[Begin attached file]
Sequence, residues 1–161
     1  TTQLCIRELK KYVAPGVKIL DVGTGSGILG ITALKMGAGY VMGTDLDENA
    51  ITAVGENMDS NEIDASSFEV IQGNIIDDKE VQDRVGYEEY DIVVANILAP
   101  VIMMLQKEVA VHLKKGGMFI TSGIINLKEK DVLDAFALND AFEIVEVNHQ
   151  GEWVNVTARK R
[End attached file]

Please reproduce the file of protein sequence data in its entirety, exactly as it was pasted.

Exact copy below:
Sequence, residues 1–161
     1  TTQLCIRELK KYVAPGVKIL DVGTGSGILG ITALKMGAGY VMGTDLDENA
    51  ITAVGENMDS NEIDASSFEV IQGNIIDDKE VQDRVGYEEY DIVVANILAP
   101  VIMMLQKEVA VHLKKGGMFI TSGIINLKEK DVLDAFALND AFEIVEVNHQ
   151  GEWVNVTARK R